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The latest in the Jan. 6 investigation

Trump supporters clash with police and security forces as people try to storm the U.S. Capitol on Jan. 6, 2021 in Washington, D.C. (Brent Stirton/Getty Images)

(CNN) — The House select committee investigating the Jan. 6 U.S. Capitol riot is touting its extensive number of interviews and subpoenas, but a court hearing Tuesday may determine how much lawmakers will eventually be able to accomplish in their probe.

Here’s what’s next and what you may have missed in the investigation:

The Trump records

A three-judge panel of the DC Circuit Court of Appeals will hear former President Donald Trump’s latest effort to stop the National Archives from turning over documents from around Jan. 6 to the House.

Trump is claiming executive privilege, but the current White House says that’s not his call to make anymore and is happy to assist the investigation. A district court judge ruled against Trump, writing: “Presidents are not kings. And Plaintiff is not President.”

But the handover is on hold pending the appeal.

Roger Stone and Alex Jones get subpoenas

The panel subpoenaed five Trump allies directly involved in planning “Stop the Steal” rallies, including longtime Republican operative Roger Stone and conspiracy theorist Alex Jones.

Dustin Stockton and Jennifer Lawrence, key players in the “Stop the Steal” movement after the election, and Taylor Budowich, who is currently the primary political spokesperson for the former President and serves as communications director for the Save America PAC, were also issued subpoenas.

The 1st Amendment Praetorian

Also getting subpoenas was 1st Amendment Praetorian, a group founded in 2020 that recruits military veterans and former police officers to provide security at right-wing events.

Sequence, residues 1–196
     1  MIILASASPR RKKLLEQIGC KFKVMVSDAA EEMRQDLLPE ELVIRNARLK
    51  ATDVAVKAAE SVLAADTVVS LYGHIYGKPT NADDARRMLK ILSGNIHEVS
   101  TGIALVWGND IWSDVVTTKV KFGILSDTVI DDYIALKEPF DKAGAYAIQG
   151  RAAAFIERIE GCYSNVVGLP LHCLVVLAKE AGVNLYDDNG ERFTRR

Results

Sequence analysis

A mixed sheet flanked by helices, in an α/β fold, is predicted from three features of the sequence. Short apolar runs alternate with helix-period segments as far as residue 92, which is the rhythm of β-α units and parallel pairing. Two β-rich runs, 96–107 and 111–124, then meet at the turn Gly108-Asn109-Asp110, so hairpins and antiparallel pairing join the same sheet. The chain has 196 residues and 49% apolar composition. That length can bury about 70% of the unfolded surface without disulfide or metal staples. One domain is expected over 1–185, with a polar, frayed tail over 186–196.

The group provided security at pro-Trump rallies in November and December 2020 that were followed by violence and arrests on the streets of DC. The group’s founder, Robert Patrick Lewis, was a featured speaker at a Jan. 5 event. He invoked the American Revolution in his brief address to the crowd, where he compared the “Stop the Steal” movement to George Washington’s surprise attack on pro-British troops after crossing the Delaware River in 1776.

Mark Meadows — will he answer questions?

The cat-and-mouse game with former White House chief of staff Mark Meadows continues. Rep. Adam Schiff, a California Democrat who’s a member of the House select committee, said over the weekend that the committee will decide “this week” on whether it will refer Meadows for criminal contempt charges for defying a subpoena earlier this month, failing to turn over documents or appear for a deposition.

Schiff said Sunday: “I can’t go into … what communications that we’re having or haven’t had with particular witnesses, but we are moving with alacrity with anyone who obstructs the committee, and that was certainly the case with Mr. (Steve) Bannon,” referring to the Trump ally who is pleading not guilty to the criminal contempt of Congress charges against him. “It will be the case with Mr. Meadows, and Mr. (Jeffrey) Clark or any others.”

Former Justice Department official Jeffrey Clark earlier this month stonewalled the House select committee, responding to a subpoena demanding he appear for an interview with the panel, but not answering questions posed to him, sources familiar with his appearance said at the time.

Democratic Rep. Pete Aguilar of California, another select committee member, said on Saturday that Meadows still has a “small window in which he can still comply here … But if he doesn’t comply, the committee has made very clear just as we did with Steve Bannon that we’re willing to use whatever means necessary.”

Committee members said recently that many of the questions for Meadows have nothing to do with Trump himself and that they wouldn’t be subject to an executive privilege argument.

Aguilar previously said of Meadows: “His conversations about stopping a free and fair election, about criticizing and stopping the counting of electoral votes, about his coordination with campaign officials on private devices that were not turned over, all of those issues are not privilege worthy and he has some explaining to do.”